Photo: John Moore was given the original on-air light during a remodel of a country radio station where he worked as a DJ in the 1980s and 90s – the last era of real country music, according to Moore.
The old joke when I worked as a country music DJ was that our station played both kinds of music – Country and Western.
But today, I don’t even recognize what’s called, “Country Music.”
Every “country” song I hear now has virtually the same lyrics about tailgates, dirt roads, drinking heavily, and some girl keying her boyfriend’s truck (almost always, the same truck whose tailgate was mentioned earlier in the song).
The worst part of today’s alleged country music is that some artists include rap music in their songs.
If you don’t know what rap music is, first, I’d recommend saying a little prayer of thanks that you don’t, and second, “Rap Music” is an oxymoron.
And it doesn’t belong in country music.
Country enjoyed great popularity from the 1940s through the early 1970s. But, by the time I got my first radio job in the late 1970s, it had become the redheaded stepchild of music formats. Top 40 and rock music on the FM dial had taken over in the ratings.
In my opinion, Willie Nelson was the Redheaded Stranger who helped lead the effort to bring it out of the stereotype under which it had found itself. His groundbreaking albums of the mid-to-late 70s led to a resurgence of country by the early 80s.
The DJs and record companies at the time, who fed from both the Top 40 and rock music troughs, looked down their noses at and even mocked country artists and the radio stations that played their music.
The argument against country music was that it was just a handful of chords, overlapped with lyrics about people looking at their own crumbling world through the bottom of a bottle or glass.
To some degree, these statements were based on truths. But country music fans liked the songs and bought the albums because they could identify with them. Many of the fans were going through what the artists were singing about.
Country fans really were losing their husbands or wives; their kids; and often, also their homes, trucks and dogs.
During the 1970s, Top 40, rock music, and disco dominated the radio ratings and record sales.
But country music pretty much held on to its, “Three chords and the truth,” formula, as country songwriter Harlan Howard said it best, back in the 1950s.
In the early 70s, The Eagles and other southern bands introduced “Country Rock.” It was these bands and their flavor of writing and performing that exposed a new generation to country music.
It stuck during the rest of the 70s, which led to a country music awakening in the early 80s with the release of the film and soundtrack, Urban Cowboy.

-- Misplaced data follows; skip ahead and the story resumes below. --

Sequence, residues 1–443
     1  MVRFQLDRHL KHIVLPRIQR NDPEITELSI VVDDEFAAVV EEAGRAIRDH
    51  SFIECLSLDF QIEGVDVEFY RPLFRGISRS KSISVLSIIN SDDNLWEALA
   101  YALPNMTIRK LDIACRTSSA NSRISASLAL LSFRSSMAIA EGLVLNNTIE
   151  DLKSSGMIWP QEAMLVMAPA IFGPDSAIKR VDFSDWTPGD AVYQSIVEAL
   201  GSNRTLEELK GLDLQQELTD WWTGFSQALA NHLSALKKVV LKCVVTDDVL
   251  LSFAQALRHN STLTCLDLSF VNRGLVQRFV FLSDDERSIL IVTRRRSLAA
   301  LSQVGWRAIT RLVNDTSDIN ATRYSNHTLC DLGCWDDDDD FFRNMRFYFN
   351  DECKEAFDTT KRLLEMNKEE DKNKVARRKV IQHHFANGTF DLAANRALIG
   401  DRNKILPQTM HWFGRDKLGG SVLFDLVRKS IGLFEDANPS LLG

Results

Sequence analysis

During the late 80s and early 90s, country music became the biggest format in radio. Country stations’ ratings went through the roof and the sales of country music exploded.
The same record company executives, who just a few years before were looking down their noses at Loretta Lynn and Mickey Gilley, were now trying to be best friends with newcomers such as George Strait, Garth Brooks, Trisha Yearwood, and Clint Black.
These new singers mixed some of their early influencers like the Eagles and Marshall Tucker Band, while Randy Travis and Dwight Yoakum had hits by embracing more traditional country influences, such as Hank Williams and Buck Owens.
The older country music resonated with fans because it was pure.
When Loretta Lynn sang that, “You Ain’t Woman Enough To Take My Man,” you believed her. I have no doubt that Loretta would have had no problem asking another woman to, “Take this outside.”
The rock artists of the time, wearing their sparkly outfits and eye makeup, seemed more like that kid in 8th grade gym class who got a wedgie every day and was beat up at least once a week.
Country Music artists looked and acted like real people – because they were. But, today, I’m just not sure what I’m seeing and hearing. Artists still wear boots and hats, but the tunes are quite different.
Not all of the new country acts are rapping in their songs. Many of today’s country music artists are writing and singing in ways that are closer to the roots of the country music that many of us grew up with. And that gives me hope.
People’s tastes are cyclical, and consequently, so is music. I’m just hoping that we’re close to cycling away from rap. I’m ready to go back to Luckenbach, Texas, with Waylon, Willie, and the boys.
©2020 John Moore
John’s book, Write of Passage: A Southerner’s View of Then and Now, and his new book, Write of Passage Volume II, are available on Amazon and on John’s website at www.TheCountryWriter.com.